Secular partisan division is increasingly occupying and harming congregations.
So observed a mainstream North Carolina pastor, who told me last week that “politics is destroying the church.”

Only a few years ago, one could assume that many right-wing theological churches were encamped in the Republican Party, the broad cross-section of churches was mostly nonpartisan, and left-wing theological churches got their marching orders from the Democratic Party.

Theologically, left-bank and right-bank churches are probably where they’ve been for years, except some are more inflexibly ideological, more self-righteously confident that God is on their side.

Where does that leave the church in the middle? Is it becoming increasingly divided along partisan lines?

It sure feels that way—and has for some time.

One of the reasons that we produced “Through the Door” was to encourage congregational collaboration to avoid partisan partition.

After all, there is an abundance of evidence of bipartisanship on the prison reform front, and it’s one place where churches make a measurable difference for the common good.

Churches and faith-based groups have a noted record of reducing the recidivism rate, which reduces state budget expenditures and helps families. Prison ministry isn’t a partisan issue.

Like our other documentaries, we have sought a narrative approach that explores issues by sharing how the faith community frames issues and what it does to address them.

Our documentaries have not traveled the path toward endorsing federal or state legislative agendas.

We have a long history of calling for faith leaders to be more akin to the best of the Hebrew prophets, not court prophets who tell the king what the king wants to hear.

Indeed, we’ve urged pastors to retain a “prophetic distance” from political power.

Regrettably, that’s not what happens with many left-church and right-church clergy. Left-bank clergy sing President Obama’s praises, as right-bank clergy did for President Bush.

While clergy in the middle have tried to avoid such alignments, they are facing congregational polarization resulting from ideological pressures.

A new Pew Research Center report disturbingly finds that our country is more ideologically divided now than in 1994.

The report’s subtitle is “How Increasingly Ideological Uniformity and Partisan Antipathy Affects Politics, Compromise and Everyday Life.”

Underscore “everyday life.” Isn’t “everyday life” where the church is?

“Partisan animosity has increased substantially … In each party, the share with a highly negative view of the opposing party has more than doubled since 1994. Most of these intense partisans believe the opposing party’s policies are so misguided that they threaten the nation’s well-being,” the report reads.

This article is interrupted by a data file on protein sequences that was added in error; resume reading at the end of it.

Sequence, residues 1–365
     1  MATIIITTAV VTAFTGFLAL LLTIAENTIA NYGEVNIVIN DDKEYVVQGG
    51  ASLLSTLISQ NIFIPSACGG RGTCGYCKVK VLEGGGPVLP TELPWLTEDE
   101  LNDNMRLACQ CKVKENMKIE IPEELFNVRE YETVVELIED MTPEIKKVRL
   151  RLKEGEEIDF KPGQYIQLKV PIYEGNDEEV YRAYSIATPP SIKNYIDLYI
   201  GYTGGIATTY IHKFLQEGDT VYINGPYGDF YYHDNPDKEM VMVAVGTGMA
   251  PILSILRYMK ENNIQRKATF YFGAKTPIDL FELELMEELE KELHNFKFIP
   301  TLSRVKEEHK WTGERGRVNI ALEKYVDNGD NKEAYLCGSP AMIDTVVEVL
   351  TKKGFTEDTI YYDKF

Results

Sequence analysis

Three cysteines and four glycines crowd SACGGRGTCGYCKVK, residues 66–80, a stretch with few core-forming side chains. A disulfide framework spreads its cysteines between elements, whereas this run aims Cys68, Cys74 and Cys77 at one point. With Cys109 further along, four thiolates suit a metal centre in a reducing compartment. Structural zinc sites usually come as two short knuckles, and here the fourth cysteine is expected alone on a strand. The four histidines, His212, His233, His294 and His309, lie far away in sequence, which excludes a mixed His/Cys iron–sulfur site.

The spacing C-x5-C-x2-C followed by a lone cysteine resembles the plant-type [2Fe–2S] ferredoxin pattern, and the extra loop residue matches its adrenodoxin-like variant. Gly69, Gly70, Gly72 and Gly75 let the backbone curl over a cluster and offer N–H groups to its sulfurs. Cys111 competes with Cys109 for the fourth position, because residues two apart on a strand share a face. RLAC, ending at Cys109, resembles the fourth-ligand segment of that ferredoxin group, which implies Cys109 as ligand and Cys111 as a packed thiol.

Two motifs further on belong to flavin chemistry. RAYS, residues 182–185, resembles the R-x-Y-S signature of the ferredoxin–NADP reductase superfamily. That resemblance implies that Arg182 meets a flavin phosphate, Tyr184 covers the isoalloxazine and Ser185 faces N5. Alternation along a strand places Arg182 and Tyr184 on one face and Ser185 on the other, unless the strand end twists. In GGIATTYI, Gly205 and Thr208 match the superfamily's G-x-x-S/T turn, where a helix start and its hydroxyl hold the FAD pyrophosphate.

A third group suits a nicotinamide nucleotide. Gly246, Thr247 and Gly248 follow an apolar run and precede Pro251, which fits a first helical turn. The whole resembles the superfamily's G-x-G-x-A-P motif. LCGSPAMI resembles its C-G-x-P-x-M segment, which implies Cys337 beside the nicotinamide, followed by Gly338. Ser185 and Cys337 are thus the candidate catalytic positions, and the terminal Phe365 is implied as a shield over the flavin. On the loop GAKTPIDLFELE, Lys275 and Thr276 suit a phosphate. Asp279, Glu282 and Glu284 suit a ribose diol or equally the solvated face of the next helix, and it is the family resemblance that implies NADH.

These right-left divisions are named “ideological silos.”

Many of us have moved into them and we really don’t want to live with those who occupy the other silo.

We want to live in red neighborhoods or blue neighborhoods, not purple ones.

A troubling report finding that illustrates this point is that “roughly equal percentages of Democrats (15%) and Republicans (17%) say they would be unhappy welcoming someone from the other party into their family.”

Another example is that “19% of Americans say they would be unhappy if someone in their immediate family married a gun owner.”

The Pew Research Center roots some polarization in cable news—MSNBC and Fox News Channel.

It doesn’t address the church as a contributing factor. One fears that left-bank and right-bank churches probably deserve some credit for polarization.

That leaves the church in the middle, which because of the ideological division is finding a shrinking center aisle as members settle into political silos.

The challenge for the church in the middle is to re-articulate a transcendent message—God is neither a Republican nor a Democrat.

Moreover, the church has a mission as a force for unity and collaborates for the common good out of the concept of one body.

When I started out, the challenge was how to get more churches engaged in social change through Christian citizenship—political engagement.

Now the challenge is how to keep politics from invading and crippling congregations.

Robert Parham is executive editor of and executive director of its parent organization, the Baptist Center for Ethics. Follow him on Twitter at RobertParham1 and friend him on Facebook.

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